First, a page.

How to Manage Python Libraries with Ansible Pip

Published:18 October 2022 - 4 min. read

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If you’re tired of manually managing Python libraries and dependencies, let the Ansible pip module do the dirty work. The Ansible pip module allows you to automate the Python library and dependencies management.

In this tutorial, you’ll learn how Ansible can manage Python library dependencies within an Ansible playbook.

Read on and save yourself the stress of manual Python library management!


This tutorial comprises step-by-step instructions. If you’d like to follow along, be sure you have the following in place:

  • An inventory file and one or more hosts are configured to run Ansible commands and playbooks. The remote Linux computer is the localhost itself, and this tutorial uses an inventory group called localhost.
  • Python v3.6 or later installed on your Ansible controller host and the remote node machine. This tutorial uses Python v3.8.10 on an Ubuntu machine.
  • Python modules boto3 greater than 1.15.0 and botocore greater than 1.18.0 should be installed on the Ansible controller host and the remote node machine.

Importing Python Modules Using Ansible PIP

Python standard library contains several well-designed Python modules for convenient reuse, like representing data, processing data, interacting with operating systems and filesystems, and web programming. Python modules are Python Programs like a file ( that are imported.

If you plan to install a single package or import a single Python module, running ad hoc commands will suffice. Ad hoc commands are a quick and efficient way to run a single command to install a package, update the repository, or any Python configuration on remote machines.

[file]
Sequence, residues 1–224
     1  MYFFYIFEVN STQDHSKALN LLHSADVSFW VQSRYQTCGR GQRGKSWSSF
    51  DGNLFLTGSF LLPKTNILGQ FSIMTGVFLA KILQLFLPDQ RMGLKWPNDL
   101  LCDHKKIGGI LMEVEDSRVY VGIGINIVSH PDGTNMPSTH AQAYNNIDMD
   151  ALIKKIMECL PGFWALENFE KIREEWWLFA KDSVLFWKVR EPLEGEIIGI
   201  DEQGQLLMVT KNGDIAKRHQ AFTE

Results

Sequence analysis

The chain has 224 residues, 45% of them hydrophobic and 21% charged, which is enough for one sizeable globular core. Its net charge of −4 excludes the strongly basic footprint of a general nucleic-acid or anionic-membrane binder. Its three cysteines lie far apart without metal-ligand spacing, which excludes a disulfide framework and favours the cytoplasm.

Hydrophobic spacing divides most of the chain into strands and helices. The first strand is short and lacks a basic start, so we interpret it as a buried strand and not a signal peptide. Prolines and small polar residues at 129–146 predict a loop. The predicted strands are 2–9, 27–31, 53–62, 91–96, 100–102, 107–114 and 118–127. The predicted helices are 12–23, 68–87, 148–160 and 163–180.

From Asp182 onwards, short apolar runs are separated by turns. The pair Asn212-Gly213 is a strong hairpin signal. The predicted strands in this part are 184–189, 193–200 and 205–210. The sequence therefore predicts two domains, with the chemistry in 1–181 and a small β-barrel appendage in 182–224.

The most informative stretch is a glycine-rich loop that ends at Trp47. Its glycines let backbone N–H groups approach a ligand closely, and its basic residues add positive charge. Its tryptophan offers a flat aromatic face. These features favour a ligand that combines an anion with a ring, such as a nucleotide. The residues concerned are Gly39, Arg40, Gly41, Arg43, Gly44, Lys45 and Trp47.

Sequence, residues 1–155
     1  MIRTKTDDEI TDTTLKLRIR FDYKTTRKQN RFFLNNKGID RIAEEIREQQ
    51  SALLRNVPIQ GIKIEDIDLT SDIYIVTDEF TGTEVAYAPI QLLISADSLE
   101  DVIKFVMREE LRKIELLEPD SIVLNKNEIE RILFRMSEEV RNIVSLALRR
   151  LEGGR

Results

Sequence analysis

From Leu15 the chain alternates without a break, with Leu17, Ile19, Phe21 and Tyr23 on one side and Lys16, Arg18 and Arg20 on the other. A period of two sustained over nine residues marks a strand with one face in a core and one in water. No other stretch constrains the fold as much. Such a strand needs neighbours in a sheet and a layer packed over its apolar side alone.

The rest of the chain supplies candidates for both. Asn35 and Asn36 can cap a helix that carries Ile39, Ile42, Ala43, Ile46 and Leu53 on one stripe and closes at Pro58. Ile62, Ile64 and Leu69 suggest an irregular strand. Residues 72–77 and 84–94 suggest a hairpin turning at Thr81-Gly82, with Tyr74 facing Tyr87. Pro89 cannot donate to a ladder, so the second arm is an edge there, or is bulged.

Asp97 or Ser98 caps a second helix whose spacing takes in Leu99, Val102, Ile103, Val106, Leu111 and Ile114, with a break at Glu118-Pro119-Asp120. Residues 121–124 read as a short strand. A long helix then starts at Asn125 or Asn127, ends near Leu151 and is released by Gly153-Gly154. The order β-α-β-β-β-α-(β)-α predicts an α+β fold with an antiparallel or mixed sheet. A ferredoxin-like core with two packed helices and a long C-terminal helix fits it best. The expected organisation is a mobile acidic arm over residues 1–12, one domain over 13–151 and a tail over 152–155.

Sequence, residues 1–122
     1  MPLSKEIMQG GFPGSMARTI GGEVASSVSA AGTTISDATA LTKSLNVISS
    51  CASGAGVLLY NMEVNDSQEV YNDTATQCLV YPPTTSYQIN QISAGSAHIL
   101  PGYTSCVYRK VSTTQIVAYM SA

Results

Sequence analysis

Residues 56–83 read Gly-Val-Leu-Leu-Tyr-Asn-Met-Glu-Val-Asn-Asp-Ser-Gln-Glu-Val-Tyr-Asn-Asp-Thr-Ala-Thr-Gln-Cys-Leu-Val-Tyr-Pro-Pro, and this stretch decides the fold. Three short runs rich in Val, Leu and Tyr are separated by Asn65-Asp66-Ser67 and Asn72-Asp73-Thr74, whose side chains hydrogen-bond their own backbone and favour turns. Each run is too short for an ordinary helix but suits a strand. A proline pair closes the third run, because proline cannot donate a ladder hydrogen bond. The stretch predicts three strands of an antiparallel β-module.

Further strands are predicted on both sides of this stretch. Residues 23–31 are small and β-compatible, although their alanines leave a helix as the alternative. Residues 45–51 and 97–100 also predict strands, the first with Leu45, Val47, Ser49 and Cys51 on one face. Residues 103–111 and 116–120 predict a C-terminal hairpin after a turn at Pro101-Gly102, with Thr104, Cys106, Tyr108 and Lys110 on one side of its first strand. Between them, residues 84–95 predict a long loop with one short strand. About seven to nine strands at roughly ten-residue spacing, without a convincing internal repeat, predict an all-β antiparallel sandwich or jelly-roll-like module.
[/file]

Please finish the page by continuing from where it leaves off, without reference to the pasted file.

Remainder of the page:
Log onto your Ansible controller and run the below ansible command to connect (-m ansible.builtin.pip) to the localhost (i.e., your machine).

The command below passes an argument (-a) that tells Ansible to install a bottle module in your Ubuntu machine regardless if the module is already installed (state=forcereinstall).

ansible localhost -m ansible.builtin.pip -a "name=bottle state=forcereinstall"

Once the command completes, you’ll see a CHANGED message, as shown below, that confirms Ansible successfully installed the software.

Installing a bottle module using an ad hoc command
Installing a bottle module using an ad hoc command

Installing the Ansible Python pip Module within a Playbook

Executing an Ansible ad hoc command is great for a one-off action. But perhaps you need to perform multiple tasks. If so, create an Ansible playbook with numerous tasks that install multiple dependencies and Python software.

1. Open the terminal in your Ansible controller host, and run the following commands to create a directory called ~/ansible_python_pip_module and switch to that directory.

This directory will contain the playbook and all required configuration files you’ll use to invoke the Ansible pip module.

# Create directory
mkdir ~/ansible_python_pip_module
# Switch the working directory
cd ~/ansible_python_pip_module

2. Next, create a file called pip.yml to open your favorite text editor in the ~/ansible_python_pip_module directory.